Call us Coming Soon

Support

Blog

FDA casts shadow on hemp win, calling CBD items illegal

SEATTLE — The hemp industry still has work ahead to win legal status for hemp-derived cannabidiol, or CBD oil, as an ingredient in food or dietary supplements despite the big farm bill President Donald Trump signed this week designating hemp as an agricultural crop.

CBD oils have become increasingly popular in lotions, tinctures and foods, but their legal status has been murky and the Food and Drug Administration has sent warning letters to some companies making health claims for CBD.

In a statement following Thursday’s bill signing in Washington, FDA Commissioner Scott Gottlieb restated his agency’s stance that CBD is a drug ingredient and therefore illegal to add to food or health products without approval from his agency.

“Selling unapproved products with unsubstantiated therapeutic claims is not only a violation of the law, but also can put patients at risk, as these products have not been proven to be safe or effective,” Gottlieb wrote.

CBD is a non-psychoactive compound found in hemp, a version of the cannabis plant that is low in THC, the part of cannabis that gives pot its high.

An FDA-approved drug for the treatment of seizures, Epidiolex, contains cannabis-derived CBD. GW Pharmaceuticals’ syrup became the first prescription drug derived from the cannabis plant in June.

The FDA statement also specified parts of hemp that are safe as food ingredients, but the CBD stance disappointed advocates. Courtney Moran, a lobbyist for Oregon hemp farmers, said she plans to work with U.S. Sen. Ron Wyden, an Oregon Democrat, to nudge the FDA toward greater acceptance of CBD.

“We do hope the FDA does clear a pathway for these products that have already hit store shelves and are out in the marketplace,” Moran said. She said it’s an “opportunity for industry to educate the FDA.”

The FDA statement said three ingredients derived from hemp — hulled hemp seeds, hemp seed protein and hemp seed oil — are safe as foods and won’t require additional approvals, as long as marketers do not make claims that they treat disease.

Hemp, like marijuana, already was legal in some states before Trump signed the farm bill. But now hemp farmers will be able to buy crop insurance, apply for loans and grants, and write off their business expenses on their taxes like any other farmer.

Oregon lawmakers revisit worker protections for off duty pot use

SALEM, Ore. (AP) — Oregon lawmakers will consider making it illegal for businesses to fire employees who flunk drug tests for using marijuana off the clock, reviving a workers’ rights campaign that failed in the statehouse last year.

The Statesman Journal reported that a proposed bill would also change state law to protect job seekers who use substances like pot that are legal here.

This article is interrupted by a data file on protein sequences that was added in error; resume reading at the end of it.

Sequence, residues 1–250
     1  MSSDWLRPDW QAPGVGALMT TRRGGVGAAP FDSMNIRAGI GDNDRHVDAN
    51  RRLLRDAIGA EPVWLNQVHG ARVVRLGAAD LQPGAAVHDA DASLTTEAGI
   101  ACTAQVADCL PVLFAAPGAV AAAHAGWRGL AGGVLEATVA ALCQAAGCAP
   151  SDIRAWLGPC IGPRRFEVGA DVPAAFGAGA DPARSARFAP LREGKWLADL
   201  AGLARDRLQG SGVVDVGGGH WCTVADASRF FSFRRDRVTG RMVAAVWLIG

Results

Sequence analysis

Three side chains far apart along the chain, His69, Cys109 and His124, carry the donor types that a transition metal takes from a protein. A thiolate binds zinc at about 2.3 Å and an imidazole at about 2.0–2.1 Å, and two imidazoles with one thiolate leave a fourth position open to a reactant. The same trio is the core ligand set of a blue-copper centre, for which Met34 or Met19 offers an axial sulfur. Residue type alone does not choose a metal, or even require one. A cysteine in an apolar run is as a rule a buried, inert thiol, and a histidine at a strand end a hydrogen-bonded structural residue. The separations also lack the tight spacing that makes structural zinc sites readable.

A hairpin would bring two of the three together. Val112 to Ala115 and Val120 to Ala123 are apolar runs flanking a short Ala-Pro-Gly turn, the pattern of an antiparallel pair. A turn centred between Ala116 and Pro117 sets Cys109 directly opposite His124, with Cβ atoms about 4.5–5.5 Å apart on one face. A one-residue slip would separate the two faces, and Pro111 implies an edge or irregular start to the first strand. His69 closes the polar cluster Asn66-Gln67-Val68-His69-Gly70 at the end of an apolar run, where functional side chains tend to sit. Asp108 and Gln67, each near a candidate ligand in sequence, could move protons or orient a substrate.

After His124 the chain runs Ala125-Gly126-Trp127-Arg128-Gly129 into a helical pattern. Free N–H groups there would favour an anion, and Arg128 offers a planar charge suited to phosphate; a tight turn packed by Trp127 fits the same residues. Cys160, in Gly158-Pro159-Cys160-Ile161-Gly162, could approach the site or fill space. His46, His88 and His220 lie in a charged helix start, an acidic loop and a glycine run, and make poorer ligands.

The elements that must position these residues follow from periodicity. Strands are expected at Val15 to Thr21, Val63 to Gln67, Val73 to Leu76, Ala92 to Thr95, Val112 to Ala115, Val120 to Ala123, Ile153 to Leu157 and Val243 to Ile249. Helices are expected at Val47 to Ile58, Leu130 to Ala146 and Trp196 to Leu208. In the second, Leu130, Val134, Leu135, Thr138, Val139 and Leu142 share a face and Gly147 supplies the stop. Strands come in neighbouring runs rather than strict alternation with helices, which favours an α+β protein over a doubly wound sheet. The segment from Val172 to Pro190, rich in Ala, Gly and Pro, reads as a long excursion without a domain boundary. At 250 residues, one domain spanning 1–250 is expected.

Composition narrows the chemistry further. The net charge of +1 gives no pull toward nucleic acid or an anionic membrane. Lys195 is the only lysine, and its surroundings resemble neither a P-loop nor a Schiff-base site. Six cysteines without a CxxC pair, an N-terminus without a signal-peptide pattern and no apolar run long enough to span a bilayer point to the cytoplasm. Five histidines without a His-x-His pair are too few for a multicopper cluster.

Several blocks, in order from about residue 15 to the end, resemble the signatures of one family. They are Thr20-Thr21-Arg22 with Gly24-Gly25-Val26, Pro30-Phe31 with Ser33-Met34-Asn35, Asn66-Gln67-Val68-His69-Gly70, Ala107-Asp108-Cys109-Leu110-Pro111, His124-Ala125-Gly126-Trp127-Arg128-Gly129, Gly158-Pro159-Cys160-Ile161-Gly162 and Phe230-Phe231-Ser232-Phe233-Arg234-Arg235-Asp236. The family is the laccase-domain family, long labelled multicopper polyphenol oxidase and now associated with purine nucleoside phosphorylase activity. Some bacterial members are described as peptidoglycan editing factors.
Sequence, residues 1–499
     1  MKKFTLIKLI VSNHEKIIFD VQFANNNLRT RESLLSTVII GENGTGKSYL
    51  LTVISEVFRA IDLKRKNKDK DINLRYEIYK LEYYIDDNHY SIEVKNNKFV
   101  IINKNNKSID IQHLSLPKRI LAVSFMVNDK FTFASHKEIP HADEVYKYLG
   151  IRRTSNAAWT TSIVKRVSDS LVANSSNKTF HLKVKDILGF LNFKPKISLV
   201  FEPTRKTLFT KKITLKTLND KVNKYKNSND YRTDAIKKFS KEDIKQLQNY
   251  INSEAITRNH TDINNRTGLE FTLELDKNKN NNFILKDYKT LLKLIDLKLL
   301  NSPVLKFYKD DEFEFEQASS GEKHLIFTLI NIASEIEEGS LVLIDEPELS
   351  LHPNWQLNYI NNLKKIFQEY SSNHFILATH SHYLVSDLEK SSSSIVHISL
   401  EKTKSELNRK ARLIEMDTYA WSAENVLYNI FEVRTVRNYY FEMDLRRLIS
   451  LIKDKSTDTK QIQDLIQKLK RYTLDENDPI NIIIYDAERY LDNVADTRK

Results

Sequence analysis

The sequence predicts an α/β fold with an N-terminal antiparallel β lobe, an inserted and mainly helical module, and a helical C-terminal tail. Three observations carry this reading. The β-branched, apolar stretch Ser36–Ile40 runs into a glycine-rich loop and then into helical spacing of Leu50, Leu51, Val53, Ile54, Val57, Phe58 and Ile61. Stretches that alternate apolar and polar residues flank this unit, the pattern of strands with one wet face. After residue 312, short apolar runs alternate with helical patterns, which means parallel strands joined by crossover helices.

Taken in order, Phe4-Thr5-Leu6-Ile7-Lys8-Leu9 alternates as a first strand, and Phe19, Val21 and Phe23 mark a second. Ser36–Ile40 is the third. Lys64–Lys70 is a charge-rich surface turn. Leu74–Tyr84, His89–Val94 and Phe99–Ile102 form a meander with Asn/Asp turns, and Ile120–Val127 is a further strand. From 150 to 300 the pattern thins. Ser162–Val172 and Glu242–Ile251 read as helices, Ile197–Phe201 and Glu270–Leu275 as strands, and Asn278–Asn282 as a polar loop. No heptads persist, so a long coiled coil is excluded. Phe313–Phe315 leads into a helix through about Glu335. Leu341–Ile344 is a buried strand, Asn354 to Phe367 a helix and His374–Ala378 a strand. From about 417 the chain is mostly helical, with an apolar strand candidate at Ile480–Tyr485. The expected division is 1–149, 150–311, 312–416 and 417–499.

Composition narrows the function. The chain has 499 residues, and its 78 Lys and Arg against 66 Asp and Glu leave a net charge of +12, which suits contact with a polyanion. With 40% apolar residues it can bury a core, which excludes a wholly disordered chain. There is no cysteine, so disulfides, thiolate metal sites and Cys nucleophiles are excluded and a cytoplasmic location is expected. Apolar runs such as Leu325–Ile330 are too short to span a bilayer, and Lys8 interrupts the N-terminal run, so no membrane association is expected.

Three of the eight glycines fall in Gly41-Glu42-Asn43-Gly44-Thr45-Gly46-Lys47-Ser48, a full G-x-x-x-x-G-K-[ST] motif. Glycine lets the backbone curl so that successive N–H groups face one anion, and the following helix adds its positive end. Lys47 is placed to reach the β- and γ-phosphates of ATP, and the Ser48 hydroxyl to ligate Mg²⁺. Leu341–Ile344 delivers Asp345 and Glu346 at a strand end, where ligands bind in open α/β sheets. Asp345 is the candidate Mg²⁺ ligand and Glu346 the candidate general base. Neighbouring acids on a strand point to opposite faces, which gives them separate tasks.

The proposal reflects a debate over whether Oregon workers should be forced to abstain from marijuana use — which is allowed under state law but remains federally illegal — for fear of getting fired or losing an employment offer.

Senate Bill 301, which represented a previous attempt to loosen employment restrictions, failed in 2017. That bill generally dealt with discrimination against medical marijuana cardholders who tested positive for the cannabis.

The latest proposal has come before the Senate Interim Committee on Judiciary, chaired by Sen. Floyd Prozanski, D-Eugene. Prozanski said Monday that the concept was a redrafted form of SB 301.

“We’ll definitely have some discussions” on the proposal, he said.

The proposed bill wouldn’t allow employees to use pot if their collective bargaining agreements prohibit partaking while off-duty, or if there is a “bona fide occupational qualification” associated with their job. It also does not permit working under the influence.

State pot officials: Candy can stay

SEATTLE — State regulators have walked back a plan to crack down on certain cannabis-infused candies, instead issuing specific color and shape guidelines they say will prevent candies from being overly enticing to children.

The Washington State Liquor and Cannabis Board sent the legal-pot industry into a panic in early October, when the board announced it would review all edibles.

Although the state has long barred products that are too appealing to kids, the agency said it had received complaints about candies on store shelves that shouldn’t have been approved. In a presentation, the agency said “all production” of hard candies, tarts, fruit chews, colorful chocolates, jellies and “any gummy type products should cease.”

After an outcry, the agency announced it would pause that plan.

The board Wednesday finalized a policy that limits the colors and shapes that makers of cannabis edibles can use but stops short of banning any candies outright. Members of the Washington CannaBusiness Association are “very pleased with the results,” the trade group’s Executive Director Vicki Christophersen told reporters.

WSLCB representatives say the new guidelines are meant to keep off the market pot-infused candies that look too similar to brightly colored commercial candies marketed to kids. The agency will provide a list of approved colors and shapes, and labels will be limited to three accent colors from the approved color list. Cannabis candies that are too brightly colored will need to be “dulled,” according to the agency.

“We really found that candy and chocolates marketed toward adults had muted tones … maybe one accent color,” said Nicola Reid, WSLCB licensing policy and compliance manager. “Candy marketed toward children had a multitude of colors.”